All of the big three had, and still have the ability to build engines that are reliable and produced that level of thrust.
GE was chosen in a large part because they offered Boeing a deal they could not refuse. In short they said: Give us engine exclusivity and we’ll give you a large payment to go towards developing the airframe. Who would refuse that.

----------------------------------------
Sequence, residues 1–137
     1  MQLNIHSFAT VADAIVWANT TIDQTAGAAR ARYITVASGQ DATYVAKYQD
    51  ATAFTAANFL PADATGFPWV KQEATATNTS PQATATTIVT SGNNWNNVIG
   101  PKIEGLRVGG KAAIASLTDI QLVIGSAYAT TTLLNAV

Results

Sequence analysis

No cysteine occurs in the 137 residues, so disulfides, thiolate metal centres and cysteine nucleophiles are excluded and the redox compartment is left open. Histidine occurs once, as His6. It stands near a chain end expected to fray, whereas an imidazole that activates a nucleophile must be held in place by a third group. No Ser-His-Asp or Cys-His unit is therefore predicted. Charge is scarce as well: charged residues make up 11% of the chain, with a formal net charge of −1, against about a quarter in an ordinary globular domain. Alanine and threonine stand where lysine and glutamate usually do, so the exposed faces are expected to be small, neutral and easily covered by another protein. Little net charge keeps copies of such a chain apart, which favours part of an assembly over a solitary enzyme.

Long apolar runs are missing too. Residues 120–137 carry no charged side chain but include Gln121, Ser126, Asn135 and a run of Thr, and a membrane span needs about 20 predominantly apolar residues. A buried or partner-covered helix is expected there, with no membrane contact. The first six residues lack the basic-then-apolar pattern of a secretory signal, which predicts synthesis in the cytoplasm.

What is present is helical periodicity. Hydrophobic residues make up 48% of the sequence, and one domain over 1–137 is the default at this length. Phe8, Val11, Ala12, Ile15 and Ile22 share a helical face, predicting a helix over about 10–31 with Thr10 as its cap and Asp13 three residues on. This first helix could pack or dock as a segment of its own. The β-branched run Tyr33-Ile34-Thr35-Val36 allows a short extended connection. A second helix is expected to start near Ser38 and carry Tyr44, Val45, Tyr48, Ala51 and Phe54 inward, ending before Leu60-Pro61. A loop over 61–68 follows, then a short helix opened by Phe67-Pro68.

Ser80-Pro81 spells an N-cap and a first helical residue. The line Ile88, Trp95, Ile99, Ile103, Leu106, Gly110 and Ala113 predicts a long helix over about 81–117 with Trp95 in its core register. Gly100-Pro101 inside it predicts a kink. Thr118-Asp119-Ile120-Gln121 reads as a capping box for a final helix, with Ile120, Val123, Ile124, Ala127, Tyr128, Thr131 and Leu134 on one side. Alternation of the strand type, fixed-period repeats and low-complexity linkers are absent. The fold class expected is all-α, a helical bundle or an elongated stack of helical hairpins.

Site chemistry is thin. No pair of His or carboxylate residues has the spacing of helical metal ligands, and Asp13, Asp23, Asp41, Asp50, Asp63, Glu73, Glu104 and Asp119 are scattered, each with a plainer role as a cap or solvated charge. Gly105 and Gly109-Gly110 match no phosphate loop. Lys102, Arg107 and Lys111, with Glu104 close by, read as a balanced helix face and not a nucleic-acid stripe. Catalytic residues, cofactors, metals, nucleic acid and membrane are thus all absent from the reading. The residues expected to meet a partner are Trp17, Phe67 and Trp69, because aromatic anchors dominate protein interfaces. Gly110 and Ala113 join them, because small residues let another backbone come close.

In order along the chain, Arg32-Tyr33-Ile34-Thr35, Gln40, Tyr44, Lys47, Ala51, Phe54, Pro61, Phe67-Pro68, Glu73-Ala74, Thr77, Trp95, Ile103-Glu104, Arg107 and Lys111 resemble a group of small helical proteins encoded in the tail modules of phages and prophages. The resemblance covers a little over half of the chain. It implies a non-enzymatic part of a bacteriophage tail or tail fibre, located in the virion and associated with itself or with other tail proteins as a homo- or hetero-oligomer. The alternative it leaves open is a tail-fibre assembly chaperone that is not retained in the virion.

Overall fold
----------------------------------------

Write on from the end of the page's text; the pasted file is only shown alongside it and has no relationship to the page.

Only having one engine type keeps development costs down as no need to design multiple pylons, nacelles, fuelling and cooling systems.
Also it allowed GE to optimise the GE90 and spend more on it, as they knew Rolls Royce and P&W would not be taking away market share.
Rolls Royce did a very similar thing with the A350.